You’ve no doubt heard about the ALS Ice Bucket Challenge at this point. The challenge was started in Boston as a way to raise money and awareness about ALS, also known as Lou Gehrig’s disease. Facebook users have been uploading videos of themselves dumping a bucket of ice water over their heads and then challenging others to do the same.
Everyone seems to have gotten on board. Everyone! So it was only a matter of time before we would see an ALS Ice Bucket Challenge fail — and it kind of exemplifies everything that’s wrong with this ALS challenge. Check it out above, because it’s so GENIUS how this one goes down, that you may never need to watch another one of these videos again.
Why do we think this demonstrates what’s “wrong” with these videos?
Like most viral sensations, it was started for a good cause — and we know a lot of people who are doing it for the right reasons. But there are also a bunch of folks who are just trying to get attention on social media. They’re not actually writing a check or donating money to the cause, nor are they really raising awareness for ALS. Chances are good they don’t even know what it is, beyond saying, “It’s Lou Gehrig’s disease.” All they’re really doing is feeding their ego. And wasting water. During a drought. (What’s up, California?!)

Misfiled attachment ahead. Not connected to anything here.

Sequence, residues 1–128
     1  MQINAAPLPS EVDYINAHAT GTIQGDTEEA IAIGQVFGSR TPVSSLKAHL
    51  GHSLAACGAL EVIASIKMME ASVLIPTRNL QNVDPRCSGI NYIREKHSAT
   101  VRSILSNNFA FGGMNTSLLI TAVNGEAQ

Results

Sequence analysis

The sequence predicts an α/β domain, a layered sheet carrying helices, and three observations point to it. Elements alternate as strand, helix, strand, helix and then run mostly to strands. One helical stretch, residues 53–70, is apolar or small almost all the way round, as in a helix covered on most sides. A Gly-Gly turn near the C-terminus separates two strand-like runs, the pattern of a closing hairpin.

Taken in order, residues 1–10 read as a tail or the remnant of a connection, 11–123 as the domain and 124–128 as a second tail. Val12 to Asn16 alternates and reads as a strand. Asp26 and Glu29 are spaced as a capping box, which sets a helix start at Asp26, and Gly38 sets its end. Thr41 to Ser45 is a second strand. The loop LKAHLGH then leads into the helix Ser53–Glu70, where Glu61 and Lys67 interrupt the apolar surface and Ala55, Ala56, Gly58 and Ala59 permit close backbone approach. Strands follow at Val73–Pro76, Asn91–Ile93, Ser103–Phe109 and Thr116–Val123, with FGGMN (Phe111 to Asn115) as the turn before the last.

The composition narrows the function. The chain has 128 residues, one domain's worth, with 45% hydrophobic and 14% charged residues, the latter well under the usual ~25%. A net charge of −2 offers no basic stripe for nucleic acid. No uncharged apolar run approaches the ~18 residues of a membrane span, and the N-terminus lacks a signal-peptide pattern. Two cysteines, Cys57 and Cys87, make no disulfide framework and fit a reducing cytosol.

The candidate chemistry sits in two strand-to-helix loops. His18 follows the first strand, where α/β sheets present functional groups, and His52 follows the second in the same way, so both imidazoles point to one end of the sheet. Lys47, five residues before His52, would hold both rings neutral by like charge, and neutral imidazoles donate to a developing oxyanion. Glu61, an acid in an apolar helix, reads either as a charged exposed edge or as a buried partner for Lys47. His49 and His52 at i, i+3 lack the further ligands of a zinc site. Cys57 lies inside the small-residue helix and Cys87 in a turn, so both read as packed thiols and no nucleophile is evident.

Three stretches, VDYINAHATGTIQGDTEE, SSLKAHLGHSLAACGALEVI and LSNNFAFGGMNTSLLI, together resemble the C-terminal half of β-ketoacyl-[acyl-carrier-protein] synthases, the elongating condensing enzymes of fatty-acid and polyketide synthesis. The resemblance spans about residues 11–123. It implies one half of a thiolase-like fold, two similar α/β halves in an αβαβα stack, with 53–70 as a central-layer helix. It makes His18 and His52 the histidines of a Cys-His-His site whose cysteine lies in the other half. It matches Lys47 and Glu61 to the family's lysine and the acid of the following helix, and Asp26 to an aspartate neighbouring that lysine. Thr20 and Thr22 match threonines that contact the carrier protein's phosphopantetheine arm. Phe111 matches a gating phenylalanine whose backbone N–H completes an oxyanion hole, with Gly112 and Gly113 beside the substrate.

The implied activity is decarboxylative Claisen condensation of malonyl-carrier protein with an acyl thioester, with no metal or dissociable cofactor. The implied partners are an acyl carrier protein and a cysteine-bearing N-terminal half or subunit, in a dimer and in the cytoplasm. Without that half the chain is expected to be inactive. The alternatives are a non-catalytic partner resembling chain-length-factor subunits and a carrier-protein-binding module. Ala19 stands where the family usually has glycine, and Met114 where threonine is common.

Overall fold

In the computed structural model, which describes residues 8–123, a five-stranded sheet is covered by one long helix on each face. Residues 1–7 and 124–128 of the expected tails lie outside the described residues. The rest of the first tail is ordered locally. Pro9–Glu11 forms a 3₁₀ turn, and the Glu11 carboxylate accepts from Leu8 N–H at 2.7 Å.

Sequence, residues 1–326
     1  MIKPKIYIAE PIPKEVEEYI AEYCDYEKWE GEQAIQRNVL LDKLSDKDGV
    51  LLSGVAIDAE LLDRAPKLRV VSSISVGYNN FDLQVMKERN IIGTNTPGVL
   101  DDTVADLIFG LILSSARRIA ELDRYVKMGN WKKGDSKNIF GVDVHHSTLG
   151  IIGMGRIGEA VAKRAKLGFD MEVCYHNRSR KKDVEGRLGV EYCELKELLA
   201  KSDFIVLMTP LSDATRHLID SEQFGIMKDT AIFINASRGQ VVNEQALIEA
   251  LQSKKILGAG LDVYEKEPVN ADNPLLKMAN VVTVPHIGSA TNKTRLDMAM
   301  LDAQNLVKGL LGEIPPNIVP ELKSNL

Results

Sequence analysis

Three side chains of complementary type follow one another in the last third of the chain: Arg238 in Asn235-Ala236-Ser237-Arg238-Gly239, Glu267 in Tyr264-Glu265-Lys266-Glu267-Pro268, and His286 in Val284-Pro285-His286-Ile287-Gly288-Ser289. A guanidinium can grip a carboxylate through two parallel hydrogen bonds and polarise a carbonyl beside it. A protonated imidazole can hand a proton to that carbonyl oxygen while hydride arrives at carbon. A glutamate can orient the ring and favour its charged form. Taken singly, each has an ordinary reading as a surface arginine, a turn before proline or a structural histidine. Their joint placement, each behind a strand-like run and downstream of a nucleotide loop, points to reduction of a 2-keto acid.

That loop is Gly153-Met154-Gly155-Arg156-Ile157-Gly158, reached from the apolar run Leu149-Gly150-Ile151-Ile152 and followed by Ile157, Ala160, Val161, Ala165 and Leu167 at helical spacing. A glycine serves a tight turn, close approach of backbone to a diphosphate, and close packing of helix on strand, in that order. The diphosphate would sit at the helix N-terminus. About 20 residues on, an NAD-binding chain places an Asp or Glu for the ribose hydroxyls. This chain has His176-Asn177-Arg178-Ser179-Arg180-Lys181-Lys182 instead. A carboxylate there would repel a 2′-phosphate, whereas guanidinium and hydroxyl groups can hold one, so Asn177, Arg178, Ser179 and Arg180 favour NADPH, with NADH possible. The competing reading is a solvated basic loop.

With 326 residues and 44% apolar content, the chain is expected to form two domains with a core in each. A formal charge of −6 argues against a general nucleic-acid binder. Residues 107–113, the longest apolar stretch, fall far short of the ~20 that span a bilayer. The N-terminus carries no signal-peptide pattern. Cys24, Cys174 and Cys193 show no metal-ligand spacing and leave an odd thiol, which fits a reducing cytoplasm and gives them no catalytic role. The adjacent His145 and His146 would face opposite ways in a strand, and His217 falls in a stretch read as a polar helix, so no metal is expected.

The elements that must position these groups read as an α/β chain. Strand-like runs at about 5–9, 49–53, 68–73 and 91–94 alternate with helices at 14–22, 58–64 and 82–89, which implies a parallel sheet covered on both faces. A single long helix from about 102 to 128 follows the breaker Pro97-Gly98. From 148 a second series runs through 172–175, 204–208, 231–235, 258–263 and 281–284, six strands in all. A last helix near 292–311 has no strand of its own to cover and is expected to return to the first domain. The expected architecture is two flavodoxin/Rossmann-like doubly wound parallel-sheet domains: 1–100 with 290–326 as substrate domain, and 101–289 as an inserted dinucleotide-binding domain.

Take the above video as an example. They have this EPIC fail, which is hilarious because they end up looking like total idiots. And yet they post the video anyway. To raise awareness? To raise money? Or to get attention?
Check it out and let us know what you think.
Oh, and if you do want a little schooling, here you go, from the ALS Association website:
ALS … is a progressive neurodegenerative disease that affects nerve cells in the brain and the spinal cord. Motor neurons reach from the brain to the spinal cord and from the spinal cord to the muscles throughout the body. The progressive degeneration of the motor neurons in ALS eventually leads to their death. When the motor neurons die, the ability of the brain to initiate and control muscle movement is lost. With voluntary muscle action progressively affected, patients in the later stages of the disease may become totally paralyzed.